you better hunt with a long bow buddy, as that is the only true way to hunt. anything else is just too damn black and scary if you ask me, and if you hunt with us and bring a bolt action to camp, you had better belive we will laugh your ass right out of there. not because of your choice of shooting machine but due to your complete and blatant ignorance. people like you are why there are fewer hunters today than ever before.

  • Terry

    Sounds like this Jim guy already has something up there and couldnt fit one anyhow.

  • Jamie

    I kill deer,antelope,yotes and prairie dogs with my AR's and bolt guns on a yearly basis here in North Dakota. I prefer to hunt with AR's, any jackwagon fudd who doesn't like it can kiss my a$$! Why the hell would anyone care what another person hunts with? The only reason I can think of is they're a complete a$$hole…

  • http://pennteleldata.net bob meluskey sr

    i guess these guns have a niche where i don't know , i'm not a found fan of paramilitary toys , whether they are used for hunting or not , just rather use an old reliable Remington Model 700 besides i only need one shot most times never saw need for a semi even in a shotgun

    • Jamie

      I hunt with AR's and only "need" one shot to kill game as well and it's damn sure not a toy, ignorant people like you really piss me off. If you only "need" one shot then get rid of your bolt action that holds 4-5 rounds and get a single shot. After all, you only "need" one shot. In fact, you don't "need" a rifle to hunt with, buy yourself a bow and hunt only with that. Bow hunting is much more of a challenge and it gives the animals a sporting chance. See that, you don't really "need" a gun for anything at all.

      You see Bob, I can minimize and ridicule what kind of gun you choose to hunt with as well and say you don't "need" it. It's called the Bill of Rights not the bill of needs.

      • Sean

        Take it a step further…Don't need a bow…Why not trying to stalk a deer and kill it with your bare hands? Now THAT'S giving the animal a sporting chance.

  • Joe

    I love my R25 in .308. I have taken two moose and a caribou with it and I am not afraid to carry it anywhere in Alaska. Yes it is a little heavy, but it has light recoil, shoots less than MOA groups, and the recoil is very light for a .30 cal rifle. The ability to carry 10 rounds in a magazine saves on having to reload or carry more while you are field dressing in bear country.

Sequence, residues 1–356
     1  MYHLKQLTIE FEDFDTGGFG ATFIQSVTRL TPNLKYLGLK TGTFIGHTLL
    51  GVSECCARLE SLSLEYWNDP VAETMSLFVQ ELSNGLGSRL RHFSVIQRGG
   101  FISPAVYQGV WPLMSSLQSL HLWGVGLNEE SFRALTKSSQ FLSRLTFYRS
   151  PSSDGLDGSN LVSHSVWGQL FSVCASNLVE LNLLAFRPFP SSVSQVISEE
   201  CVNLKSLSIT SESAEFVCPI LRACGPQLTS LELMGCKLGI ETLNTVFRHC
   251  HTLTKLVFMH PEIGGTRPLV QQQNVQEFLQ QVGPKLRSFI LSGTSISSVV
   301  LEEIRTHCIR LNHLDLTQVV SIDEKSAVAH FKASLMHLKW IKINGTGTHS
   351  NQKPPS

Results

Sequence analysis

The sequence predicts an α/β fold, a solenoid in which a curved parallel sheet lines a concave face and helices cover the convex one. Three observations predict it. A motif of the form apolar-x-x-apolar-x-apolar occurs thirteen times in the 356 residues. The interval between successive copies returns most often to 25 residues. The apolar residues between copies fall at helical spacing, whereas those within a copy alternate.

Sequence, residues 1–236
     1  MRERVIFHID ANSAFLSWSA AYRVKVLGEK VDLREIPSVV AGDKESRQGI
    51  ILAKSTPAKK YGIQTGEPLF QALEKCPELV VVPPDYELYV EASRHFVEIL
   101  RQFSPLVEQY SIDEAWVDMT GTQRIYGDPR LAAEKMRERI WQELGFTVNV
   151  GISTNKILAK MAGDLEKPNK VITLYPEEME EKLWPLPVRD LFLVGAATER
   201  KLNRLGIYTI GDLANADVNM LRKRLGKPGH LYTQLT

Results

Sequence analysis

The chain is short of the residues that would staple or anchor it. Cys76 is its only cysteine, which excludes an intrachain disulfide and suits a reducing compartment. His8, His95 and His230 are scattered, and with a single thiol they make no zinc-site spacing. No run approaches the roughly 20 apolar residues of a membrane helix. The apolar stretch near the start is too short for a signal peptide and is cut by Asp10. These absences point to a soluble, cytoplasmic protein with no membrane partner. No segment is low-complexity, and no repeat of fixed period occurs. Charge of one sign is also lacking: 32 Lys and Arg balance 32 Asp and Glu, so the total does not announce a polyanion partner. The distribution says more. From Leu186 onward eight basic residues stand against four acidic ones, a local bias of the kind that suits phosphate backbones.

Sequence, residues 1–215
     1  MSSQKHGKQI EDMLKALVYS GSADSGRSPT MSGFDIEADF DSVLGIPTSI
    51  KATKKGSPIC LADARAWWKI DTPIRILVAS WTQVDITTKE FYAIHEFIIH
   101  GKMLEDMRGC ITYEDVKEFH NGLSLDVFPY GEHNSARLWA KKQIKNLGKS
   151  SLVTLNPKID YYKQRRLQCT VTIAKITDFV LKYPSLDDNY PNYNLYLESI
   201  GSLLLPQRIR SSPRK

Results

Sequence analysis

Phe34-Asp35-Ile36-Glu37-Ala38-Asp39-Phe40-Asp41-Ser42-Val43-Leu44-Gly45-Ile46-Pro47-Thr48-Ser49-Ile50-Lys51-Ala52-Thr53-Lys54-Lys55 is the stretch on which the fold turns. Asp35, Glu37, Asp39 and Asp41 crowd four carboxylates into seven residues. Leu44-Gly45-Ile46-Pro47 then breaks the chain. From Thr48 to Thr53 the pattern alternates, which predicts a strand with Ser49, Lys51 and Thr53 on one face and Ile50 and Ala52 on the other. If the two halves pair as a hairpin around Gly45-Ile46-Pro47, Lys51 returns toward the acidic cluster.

• charles

    I have a 22 that looks like a m16.I was in the army and did not like the m16. Hunt with any gun that is legal. The gun you hunt with is always the best.

  • Ted

    While not my first choice as a hunting rifle, I love my AR, and would not hesitate to hunt with it. Noone has mentioned that Remington has introduced the .450 bushmaster chambering for this platform. The .450 is more than capable of downing any game species on this continent. I'm neither for or against hunting with the AR rifle, but if you choose a chambering adequate to your intended quarry, and put your time in at the range, do your thing, because really, a .308 bullet out of an AR is not any different than a .308 bullet out of a bolt action or lever action.

  • Richard Yoakum

    Is this really something outdoor enthusiasts should debate about? If you want to use an AR or your Grandads 30-30 we are all under enough pressure every day from the Obama loving,tree hugging, bunny loving liberals that are trying to take or constitutional rights away from us!! Let's focus on the bigger issues.

  • Terry